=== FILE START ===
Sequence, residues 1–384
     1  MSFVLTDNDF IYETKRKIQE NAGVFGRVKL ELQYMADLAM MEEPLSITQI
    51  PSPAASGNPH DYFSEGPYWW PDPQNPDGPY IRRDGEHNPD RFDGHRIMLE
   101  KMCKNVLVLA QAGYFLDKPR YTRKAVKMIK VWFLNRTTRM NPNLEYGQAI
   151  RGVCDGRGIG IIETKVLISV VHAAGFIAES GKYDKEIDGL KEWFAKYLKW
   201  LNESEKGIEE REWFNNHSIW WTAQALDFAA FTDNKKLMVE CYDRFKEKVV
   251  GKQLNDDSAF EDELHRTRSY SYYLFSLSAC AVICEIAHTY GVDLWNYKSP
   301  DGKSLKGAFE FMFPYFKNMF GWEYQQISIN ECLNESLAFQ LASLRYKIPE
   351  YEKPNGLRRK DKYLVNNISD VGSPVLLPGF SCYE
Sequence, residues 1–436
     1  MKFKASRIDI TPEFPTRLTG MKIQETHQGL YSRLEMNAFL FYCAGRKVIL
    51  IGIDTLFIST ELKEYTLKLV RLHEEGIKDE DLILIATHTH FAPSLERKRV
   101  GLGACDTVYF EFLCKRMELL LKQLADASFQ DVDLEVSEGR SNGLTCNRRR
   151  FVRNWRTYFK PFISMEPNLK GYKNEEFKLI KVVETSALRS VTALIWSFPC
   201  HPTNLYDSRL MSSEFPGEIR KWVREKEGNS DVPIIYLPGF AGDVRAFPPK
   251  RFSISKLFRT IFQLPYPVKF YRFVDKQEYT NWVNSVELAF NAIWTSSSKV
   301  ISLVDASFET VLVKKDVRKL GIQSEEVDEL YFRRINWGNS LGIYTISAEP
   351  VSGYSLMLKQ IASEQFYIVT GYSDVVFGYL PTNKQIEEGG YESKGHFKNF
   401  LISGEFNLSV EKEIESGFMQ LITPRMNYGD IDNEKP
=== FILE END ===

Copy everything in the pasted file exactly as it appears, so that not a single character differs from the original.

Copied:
Sequence, residues 1–384
     1  MSFVLTDNDF IYETKRKIQE NAGVFGRVKL ELQYMADLAM MEEPLSITQI
    51  PSPAASGNPH DYFSEGPYWW PDPQNPDGPY IRRDGEHNPD RFDGHRIMLE
   101  KMCKNVLVLA QAGYFLDKPR YTRKAVKMIK VWFLNRTTRM NPNLEYGQAI
   151  RGVCDGRGIG IIETKVLISV VHAAGFIAES GKYDKEIDGL KEWFAKYLKW
   201  LNESEKGIEE REWFNNHSIW WTAQALDFAA FTDNKKLMVE CYDRFKEKVV
   251  GKQLNDDSAF EDELHRTRSY SYYLFSLSAC AVICEIAHTY GVDLWNYKSP
   301  DGKSLKGAFE FMFPYFKNMF GWEYQQISIN ECLNESLAFQ LASLRYKIPE
   351  YEKPNGLRRK DKYLVNNISD VGSPVLLPGF SCYE
Sequence, residues 1–436
     1  MKFKASRIDI TPEFPTRLTG MKIQETHQGL YSRLEMNAFL FYCAGRKVIL
    51  IGIDTLFIST ELKEYTLKLV RLHEEGIKDE DLILIATHTH FAPSLERKRV
   101  GLGACDTVYF EFLCKRMELL LKQLADASFQ DVDLEVSEGR SNGLTCNRRR
   151  FVRNWRTYFK PFISMEPNLK GYKNEEFKLI KVVETSALRS VTALIWSFPC
   201  HPTNLYDSRL MSSEFPGEIR KWVREKEGNS DVPIIYLPGF AGDVRAFPPK
   251  RFSISKLFRT IFQLPYPVKF YRFVDKQEYT NWVNSVELAF NAIWTSSSKV
   301  ISLVDASFET VLVKKDVRKL GIQSEEVDEL YFRRINWGNS LGIYTISAEP
   351  VSGYSLMLKQ IASEQFYIVT GYSDVVFGYL PTNKQIEEGG YESKGHFKNF
   401  LISGEFNLSV EKEIESGFMQ LITPRMNYGD IDNEKP